Eve Ensler's Jewish Dialogue

'Vagina Monologues' Author Discusses Drama and Faith

Brigitte Lacombe

By Simi Horwitz

Published December 11, 2012, issue of December 14, 2012.
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You don’t feel you’re preaching to the choir?

No, I don’t. We’re now doing “Vagina Monologues” in tiny towns in Alabama, villages in India, and performing it for kids from schools throughout the boroughs who normally don’t go to the theater at all. We don’t need to change everybody. All you need is 10% of the population to have a revolution. [More important] it’s activating those who already believe. Look, did I think 10 years ago that representative Lisa Brown and Senator Rebekah Warren would invite me to perform “Vagina Monologues” on the steps of the Michigan capital in Lansing? No. But we worked, and worked and worked. The world has changed, and we’ve been crucial to that change.

I gather you are half-Jewish?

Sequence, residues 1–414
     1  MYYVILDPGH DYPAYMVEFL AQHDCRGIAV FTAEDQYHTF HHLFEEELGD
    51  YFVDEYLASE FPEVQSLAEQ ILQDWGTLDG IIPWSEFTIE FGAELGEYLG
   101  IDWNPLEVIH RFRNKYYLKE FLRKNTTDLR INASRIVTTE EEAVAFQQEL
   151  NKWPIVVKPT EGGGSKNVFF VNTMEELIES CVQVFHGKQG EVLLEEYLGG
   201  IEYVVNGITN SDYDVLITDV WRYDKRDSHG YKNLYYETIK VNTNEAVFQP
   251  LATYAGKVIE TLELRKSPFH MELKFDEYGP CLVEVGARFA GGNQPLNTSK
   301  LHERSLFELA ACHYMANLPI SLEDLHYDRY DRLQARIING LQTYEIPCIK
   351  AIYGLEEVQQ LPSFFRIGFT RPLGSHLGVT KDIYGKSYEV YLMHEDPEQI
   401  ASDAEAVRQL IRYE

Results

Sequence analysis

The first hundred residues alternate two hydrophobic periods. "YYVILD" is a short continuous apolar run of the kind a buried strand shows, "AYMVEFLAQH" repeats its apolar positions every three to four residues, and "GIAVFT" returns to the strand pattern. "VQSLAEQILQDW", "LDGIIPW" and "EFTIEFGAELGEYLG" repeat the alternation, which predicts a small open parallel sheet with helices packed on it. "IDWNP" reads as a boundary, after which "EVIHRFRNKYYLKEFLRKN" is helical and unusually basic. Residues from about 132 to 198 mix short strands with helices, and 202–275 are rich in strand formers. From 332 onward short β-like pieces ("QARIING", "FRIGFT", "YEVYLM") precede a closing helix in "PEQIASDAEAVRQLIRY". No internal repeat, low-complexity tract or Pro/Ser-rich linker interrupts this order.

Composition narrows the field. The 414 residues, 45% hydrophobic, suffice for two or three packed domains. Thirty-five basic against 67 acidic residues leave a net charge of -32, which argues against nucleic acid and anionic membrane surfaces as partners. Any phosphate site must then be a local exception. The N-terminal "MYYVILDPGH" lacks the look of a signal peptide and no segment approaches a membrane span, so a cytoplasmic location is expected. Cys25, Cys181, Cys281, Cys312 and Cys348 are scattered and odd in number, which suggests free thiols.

This half-Jewish thing is so crazy. Would Hitler have said, “You’re half Jewish, get off the train?” No. He would have said, “We’re taking you with us.” It’s a strange thing: The only people who don’t think I’m Jewish are Jews.

How do you define being Jewish, and how does it inform your artistry?

For me it’s a cultural thing. I had a Jewish father, a Jewish family, and I had chicken liver with my aunt every Saturday. I grew up in a tradition where having ideas and contributing to the community and creating art that had an impact on the world mattered. That’s part of the Jewish tradition. The comedy that’s in me is very much part of Jewish theater history. When I look at my own heart as a social activist, there’s the spirit of Emma Goldman and Hannah Arendt and so many others.

Do you foresee a time when you’ll write a play that has a Jewish or Israeli protagonist?

It’s not on my agenda right now. Actually, I wrote a piece, “Here,” an allegory about Israel and Palestine that was done on British TV. It’s about a couple living in their house when another couple, who almost looks identical to them, arrives, convinced they’ve come home and it’s their house. It’s all about who owns what land and who got there first and who got the deed. I never say which couple is Israeli or Palestinian. The first time I was in Israel, I wondered how you could tell the Arabs from the Jews. The same was true when I was in Serbia and Croatia. The people who are closest, it seems to me, are killing each other the most.


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